Essay on Summary and Analysis of The Wife of Bath's Tale

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Summary and Analysis of The Wife of Bath's Tale

Prologue to the Wife of Bath's Tale:

The Wife of Bath begins the prologue to her tale by boasting of her experience in marriage. She has married five men already, and ignores the idea that this is a reproach to Christian principles. She is merely adhering to the Christian principle of "be fruitful and multiply." She cites the case of King Solomon, who had multiple wives, and tells the group that she welcomes the opportunity for her sixth husband. She also points out that Jesus never lays down a law about virginity, and essentially states that we have the parts for sex and should use them as such. The Pardoner objects to the Wife of Bath's musings on marriage, but she decides to tell
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She complains that the stories in the Bible that denigrate women are written by monks who have no experience with them, and that the stories would be far different if women were to write them. After Jankin struck her, she appeared dead, but when she revived he was so penitent that he ceded all authority in the marriage to her. From that point onward she was kind to him, for he had given her what she truly wanted.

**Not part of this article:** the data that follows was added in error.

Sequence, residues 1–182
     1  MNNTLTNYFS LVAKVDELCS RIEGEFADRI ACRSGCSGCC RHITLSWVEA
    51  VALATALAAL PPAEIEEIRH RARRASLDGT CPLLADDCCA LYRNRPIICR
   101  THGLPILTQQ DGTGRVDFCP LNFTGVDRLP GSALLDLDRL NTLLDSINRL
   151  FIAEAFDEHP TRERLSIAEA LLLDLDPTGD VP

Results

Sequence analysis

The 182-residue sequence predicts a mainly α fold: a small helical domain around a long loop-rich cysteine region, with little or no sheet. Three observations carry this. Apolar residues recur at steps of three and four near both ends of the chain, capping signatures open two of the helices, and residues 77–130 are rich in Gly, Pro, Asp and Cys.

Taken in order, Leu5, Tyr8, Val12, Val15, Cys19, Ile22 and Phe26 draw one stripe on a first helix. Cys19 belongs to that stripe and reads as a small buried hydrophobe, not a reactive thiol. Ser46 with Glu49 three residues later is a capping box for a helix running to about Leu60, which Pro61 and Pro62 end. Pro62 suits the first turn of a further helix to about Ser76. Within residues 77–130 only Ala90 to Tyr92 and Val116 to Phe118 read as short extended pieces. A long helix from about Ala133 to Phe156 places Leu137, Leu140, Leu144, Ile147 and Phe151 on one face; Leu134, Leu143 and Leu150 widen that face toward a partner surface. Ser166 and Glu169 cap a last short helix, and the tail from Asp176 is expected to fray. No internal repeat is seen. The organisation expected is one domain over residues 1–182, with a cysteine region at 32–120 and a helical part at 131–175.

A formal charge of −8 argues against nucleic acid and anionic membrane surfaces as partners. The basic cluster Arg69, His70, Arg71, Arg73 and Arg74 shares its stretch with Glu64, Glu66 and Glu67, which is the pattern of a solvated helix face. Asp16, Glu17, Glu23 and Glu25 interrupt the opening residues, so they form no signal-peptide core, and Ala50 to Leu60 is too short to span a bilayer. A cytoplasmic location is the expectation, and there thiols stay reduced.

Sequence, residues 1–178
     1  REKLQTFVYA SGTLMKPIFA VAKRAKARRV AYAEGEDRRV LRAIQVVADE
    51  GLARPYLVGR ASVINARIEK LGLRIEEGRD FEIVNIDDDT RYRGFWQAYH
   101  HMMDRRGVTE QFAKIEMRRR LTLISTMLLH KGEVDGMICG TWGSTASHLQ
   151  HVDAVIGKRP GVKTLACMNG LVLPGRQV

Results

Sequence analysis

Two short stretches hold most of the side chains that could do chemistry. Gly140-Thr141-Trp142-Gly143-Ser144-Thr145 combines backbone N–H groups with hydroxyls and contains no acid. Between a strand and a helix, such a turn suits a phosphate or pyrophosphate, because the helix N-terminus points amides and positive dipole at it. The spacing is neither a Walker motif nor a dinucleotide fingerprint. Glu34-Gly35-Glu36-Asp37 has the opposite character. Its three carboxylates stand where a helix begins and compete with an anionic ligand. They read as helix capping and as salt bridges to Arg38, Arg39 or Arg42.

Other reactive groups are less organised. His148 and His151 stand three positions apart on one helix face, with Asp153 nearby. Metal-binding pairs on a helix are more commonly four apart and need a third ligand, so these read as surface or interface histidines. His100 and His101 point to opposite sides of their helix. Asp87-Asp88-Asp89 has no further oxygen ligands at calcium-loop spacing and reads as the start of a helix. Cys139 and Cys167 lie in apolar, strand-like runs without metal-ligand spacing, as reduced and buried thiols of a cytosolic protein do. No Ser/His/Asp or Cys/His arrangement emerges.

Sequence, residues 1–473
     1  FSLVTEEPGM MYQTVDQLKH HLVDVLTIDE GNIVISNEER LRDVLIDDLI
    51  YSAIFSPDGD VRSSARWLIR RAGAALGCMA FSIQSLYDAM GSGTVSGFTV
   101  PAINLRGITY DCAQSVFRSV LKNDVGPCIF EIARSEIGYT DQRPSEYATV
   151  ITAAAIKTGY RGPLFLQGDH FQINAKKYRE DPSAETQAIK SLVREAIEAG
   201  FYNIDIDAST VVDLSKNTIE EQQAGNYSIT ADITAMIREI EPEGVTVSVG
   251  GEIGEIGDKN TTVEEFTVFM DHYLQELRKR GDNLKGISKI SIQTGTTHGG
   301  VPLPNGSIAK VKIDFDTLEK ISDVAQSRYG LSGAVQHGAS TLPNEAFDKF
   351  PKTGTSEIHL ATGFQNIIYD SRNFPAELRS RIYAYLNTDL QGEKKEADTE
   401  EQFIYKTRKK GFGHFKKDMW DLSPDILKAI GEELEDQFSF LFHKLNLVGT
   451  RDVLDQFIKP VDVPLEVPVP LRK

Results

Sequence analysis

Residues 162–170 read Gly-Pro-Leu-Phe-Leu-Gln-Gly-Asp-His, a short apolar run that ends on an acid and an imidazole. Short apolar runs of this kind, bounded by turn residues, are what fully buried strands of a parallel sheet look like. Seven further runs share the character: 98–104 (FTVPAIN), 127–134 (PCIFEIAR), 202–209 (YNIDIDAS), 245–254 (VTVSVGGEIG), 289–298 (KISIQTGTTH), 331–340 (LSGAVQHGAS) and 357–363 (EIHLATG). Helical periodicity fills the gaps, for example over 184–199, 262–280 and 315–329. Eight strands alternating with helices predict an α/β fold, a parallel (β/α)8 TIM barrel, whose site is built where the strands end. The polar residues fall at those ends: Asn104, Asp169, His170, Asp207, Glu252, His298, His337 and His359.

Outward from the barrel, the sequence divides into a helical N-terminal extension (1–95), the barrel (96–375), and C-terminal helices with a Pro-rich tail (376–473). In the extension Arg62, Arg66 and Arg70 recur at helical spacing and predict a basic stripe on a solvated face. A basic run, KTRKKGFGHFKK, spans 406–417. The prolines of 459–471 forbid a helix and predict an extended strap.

The Wife of Bath is perhaps the most fully realized character in the Canterbury Tales. Headstrong, boisterous and opinionated, she wages a perpetual struggle against the denigration of women and the taboos against female sexuality. She issues a number of rebuttals against strict religious claims for chastity and monogamy, using Biblical examples including Solomon to show that the Bible does not overtly condemn all expressions of sexuality, even outside of marriage. Those who use religious texts to argue for the submission of women are the most fervent targets of scorn for the Wife of Bath. She claims that the reason for the bias against women in these texts is due to the lack of experience and contact with women of those who write the text. It is this antipathy to intellectual arguments against femininity that causes her to tear the pages from Jankin's book.

The Wife of Bath's crusade to prove the worth of women does open the prologue to modern interpretations that reconfigure the Wife of Bath as a feminist
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